In the 1880 census in Fremont, Dodge Co., Nebraska, he is shown living on 8th street:
Clark Brown, Male, 29, Occupation: Farm Implements. Born Iowa. Both parents born in Pennsylvania.
Myra Brown, Female, 30, Occupation: Keeping house. Born New York. Both
parents born in New York.
Mary Brown, Female, daughter, 4.
Grace Brown, Female, daughter, 1.
In the 1880 census in Fremont, Dodge Co., Nebraska, his brother, William Steele Brown lived on 5th street:
William S. Brown, Male, 33, Occupation: Horse dealer. Born Iowa. Both parents born in Pennsylvania.
Ida Brown, Female, 23,
In the 1900 census in Platt Township, Dodge Co., Nebraska, page 97.
Brown, Hugh C., Head, White, Male, b. Sept 1850, age 49, married 25 years, b. Iowa, Father b. PA, Mother b. PA, salesman of agricultural implements.
Brown, Myra, Wife, White, Female, b. Oct 1849, age 50, married 25 years.
Eight childen, six of them living. b. NY, both parents b. NY.
Brown, Mary E. White, Female, b. Dec 1875, age 24, single, b. Nebraska, a
public school teacher for 3 years.
Brown, Grace R., daughter, b. Nov. 1878, age 21, she was a dressmaker.
Brown, Harry H., son, b. Jul 1882, age 17, in school.
Brown, Alice M., daughter, b. July 1884, age 15, in school.
Brown, Edith A., daughter, b. July 1887, age 12, in school.
Brown, Louis C., son, b. March 1893, age 7, in school.
Goff, Harlow, father-in-law, b. Jan 1814, age 86, single, widowed, born in
New York, both parents born in Connecticut.
In 1910 the census showed H.C. Brown was a machinist in the farm implements industry. He was self-employed and owned his own house. H.C. Brown and his wife Almira had eight children of whom six were living in 1910. Five of the children live d in the household and one, Grace, was living with her husband, Robert E. Noyes, a college professor in Brooklyn, New York.
Census 1910, Platte Twp, Dodge Co., NE, p. 197
Brown, H.C., Head, age 59, Married 35 yrs, b. Iowa, Fa b. PA, Mo b. PA.
, Almira, , age 60, Married 35 yrs, b. NY, Fa b. NY, Mo b. NY.
, Mam mie [Mary Ellen], age 34, Single, B. Neb, Fa b. IA, Mo b. NY.
Her profession was a City school teacher, she was unemployed 12 wks.
, Harry , age 27, Single, b. NE, Fa b. IA, Mo b. NY.
His profession was a Hydraulic Well Digger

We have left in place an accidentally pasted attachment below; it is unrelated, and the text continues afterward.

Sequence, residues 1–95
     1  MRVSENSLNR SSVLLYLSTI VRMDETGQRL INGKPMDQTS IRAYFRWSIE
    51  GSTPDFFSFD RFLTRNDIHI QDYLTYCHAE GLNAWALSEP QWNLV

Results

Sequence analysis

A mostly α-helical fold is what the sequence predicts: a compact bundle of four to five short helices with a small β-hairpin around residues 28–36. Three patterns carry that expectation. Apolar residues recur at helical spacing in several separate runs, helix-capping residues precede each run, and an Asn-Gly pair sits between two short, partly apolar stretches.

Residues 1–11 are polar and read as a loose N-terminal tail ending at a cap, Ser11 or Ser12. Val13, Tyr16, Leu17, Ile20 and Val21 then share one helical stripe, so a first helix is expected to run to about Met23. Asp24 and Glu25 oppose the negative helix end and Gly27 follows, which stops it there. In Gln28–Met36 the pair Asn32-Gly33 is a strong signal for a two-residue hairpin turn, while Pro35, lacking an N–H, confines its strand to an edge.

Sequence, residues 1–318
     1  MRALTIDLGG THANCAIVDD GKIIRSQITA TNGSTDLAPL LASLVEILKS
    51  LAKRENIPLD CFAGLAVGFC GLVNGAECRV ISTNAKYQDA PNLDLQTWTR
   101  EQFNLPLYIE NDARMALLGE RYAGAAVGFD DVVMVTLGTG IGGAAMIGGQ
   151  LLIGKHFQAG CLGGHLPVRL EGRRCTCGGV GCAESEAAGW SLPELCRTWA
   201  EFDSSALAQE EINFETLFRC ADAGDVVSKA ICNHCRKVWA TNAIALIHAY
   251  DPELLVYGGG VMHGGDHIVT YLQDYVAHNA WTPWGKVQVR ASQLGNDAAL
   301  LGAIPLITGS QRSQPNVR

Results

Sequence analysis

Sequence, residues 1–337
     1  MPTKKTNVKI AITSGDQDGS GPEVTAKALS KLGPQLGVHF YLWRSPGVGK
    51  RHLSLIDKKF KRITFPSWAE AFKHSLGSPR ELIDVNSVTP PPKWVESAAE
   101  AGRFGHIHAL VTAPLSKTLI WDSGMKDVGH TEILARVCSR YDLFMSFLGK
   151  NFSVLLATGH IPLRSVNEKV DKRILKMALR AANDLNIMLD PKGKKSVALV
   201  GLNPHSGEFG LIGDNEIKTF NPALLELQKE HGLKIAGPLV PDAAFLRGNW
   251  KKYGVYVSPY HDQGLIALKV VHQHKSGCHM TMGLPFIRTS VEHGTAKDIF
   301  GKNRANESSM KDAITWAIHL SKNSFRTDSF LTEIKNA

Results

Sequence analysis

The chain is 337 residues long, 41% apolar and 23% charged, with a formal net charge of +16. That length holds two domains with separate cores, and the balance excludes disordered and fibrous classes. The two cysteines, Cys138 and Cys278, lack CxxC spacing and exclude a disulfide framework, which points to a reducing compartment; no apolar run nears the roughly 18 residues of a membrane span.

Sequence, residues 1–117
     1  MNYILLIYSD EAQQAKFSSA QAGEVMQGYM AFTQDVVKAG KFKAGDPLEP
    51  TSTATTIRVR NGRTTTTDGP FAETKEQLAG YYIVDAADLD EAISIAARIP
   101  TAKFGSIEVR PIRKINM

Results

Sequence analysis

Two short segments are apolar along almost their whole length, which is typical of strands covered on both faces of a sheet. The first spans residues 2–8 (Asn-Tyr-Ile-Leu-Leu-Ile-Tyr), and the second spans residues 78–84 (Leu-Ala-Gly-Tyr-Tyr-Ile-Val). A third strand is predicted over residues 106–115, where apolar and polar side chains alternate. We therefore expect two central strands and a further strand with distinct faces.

, Alice , age 25, Single, b. NE, Fa b IA, Mo b. NY.
Her profession was a City school teacher, she was unemployed 12 wks.
, Edith , age 22, Single, b. NE, Fa b IA, Mo b. NY.
Her profession was a Stenographer.
, Lewis , age 17, Single, b. NE, Fa b IA, Mo b. NY.
His profession was a Farmer.
After his retirement they moved to Lincoln, Nebraska. Hugh and Myra were
staunch supporters of the Vine Congregational church in Lincoln.
Both are buried in the Ridge cemetery at Fremont, Nebraska, in the Goff block.
For their entire lives they lived with their two daughters Mary Ellen and
Census 1920, District 85, Lancaster Co., NE.
Brown, Hugh C. Head, age 69, B. Iowa, both parents b. PA.
, Elmira age 70, b. NY, both parents b. NY.
, Mary E. age 44, b. NE, Fa b. IA, Mo b. NY.
, Alice M. age 35, b. NE, Fa b. IA, Mo b. NY.
Census 1930, District 42, Lincoln, Lancaster Co., NE.
Brown, Hugh C. Head, age 79, B. Iowa, both parents b. PA, retired.
, Mary E. age 54, b. NE, Fa b. IA, Mo b. NY, professor, extension svcs.
, Alice M. age 45, b. NE, Fa b. IA, Mo b. NY, school teacher.
In the 1930 census Irena (Harlan) Tully and Cecil Tully appear a few lines above
Hugh Clark Brown so they appear to have lived very close by.
Tully, Irena Head, age 74, b. Illinois, both parents born in Indiana.
Cecil Daughter, age 52, b. Illinois, Fa b. PA, Mo b. IL,
a newspaper proofreader.
Brown family Bible.
1860 Census, Buchanon Twp, Jefferson Co., IA
1870 Census, Maple Twp, Dodge Co., NE
1880 Census, Fremont, Dodge Co., NE
1900 Census, Platte Twp, Dodge Co., NE
1910 Census, Platte Twp, Dodge Co., NE
1920 Census, Lincoln, Lancaster Co., NE
1930 Census, Lincoln, Lancaster Co., NE
Brown family Bible.
Family History by Bashie (Tully) Brown and Howard Brown.
Brown family Bible.
__ | _Delbert JORDAN _____| | | | |__ | | |--William Jennings Bryan JORDAN | (1897 - 1962) | __ | | |_Sarah _____ ________| | |__
_John "Jno" MCCONNELL _+ | (1802 - 1882) m 1834 _Nicholas Franklin "Frank" E. MCCONNELL _| | (1845 - 1914) | | |_Jane WATSON __________ | (1813 - ....) m 1834 | |--Lloyd Samuel MCCONNELL | (1887 - ....) | _Benjamin METZ ________ | | |_Mary METZ ______________________________| (1847 - 1930) | |_Unknown ______________
1910 Census, Springfield Twp, Mahoning Co., OH
Ohio Deaths 1908 to 1953.
1900 Census, Springfield Twp, Mahoning Co., OH
1910 Census, Springfield Twp, Mahoning Co., OH
1920 Census, West Point Precinct, Clay Co., MS
_George MCCONNELL ________+ | (1833 - 1873) m 1867 _William MCCONNELL __| | (1869 - ....) m 1896| | |_Nancy "Agnes" MCROBERTS _+ | (1843 - ....) m 1867 | |--Stella MCCONNELL | (1896 - ....) | __________________________ | | |_Emma _____ _________| (1872 - ....) m 1896| |__________________________
1900 Census, Pittsburgh Ward 33, Allegheny Co., PA
1900 Census, Pittsburgh Ward 33, Allegheny Co., PA
_William David MCCONNELL ____+ | (1859 - 1926) m 1881 _James L."Jim" MCCONNELL _| | (1890 - 1971) | | |_Mary "Polly" Ann ABERNATHY _+ | (1866 - 1928) m 1881 | |--Windel MCCONNELL | (.... - 1999) | _____________________________ | | |_Ethel HARVEY ____________| (1901 - 1970) | |_____________________________
Donna Chism, 15514 Mountain Cove, Alexander, AR 72002.
__________________________ | _Earnest MCKITTRICK _______| | | | |__________________________ | | |--Wavelene MCKITTRICK | | _George Taylor MCCONNELL _+ | | (1868 - 1945) m 1891 |_Minnie "Mamie" MCCONNELL _| (1895 - 1967) | |_Dora Altona SPHAR _______+ m 1891
_Daniel SHIPLEY _____________+ | (1768 - 1850) m 1788 _Amon SHIPLEY _______| | (1800 - 1871) m 1822| | |_Cornelia Eleanor BURNWORTH _ | (1770 - 1850) m 1788 | |--Henry Sherman SHIPLEY | (1827 - 1890) | _____________________________ | | |_Susanna GRIM _______| (1802 - 1872) m 1822| |_____________________________
1870 Census, Duncan Twp, Sullivan Co., MO
1870 Census, Duncan Twp, Sullivan Co., MO
Vest, O'Roark,Shipley,Barker & Estes,Carroll, Blevins, Tackett Family Tree on Ancestry.com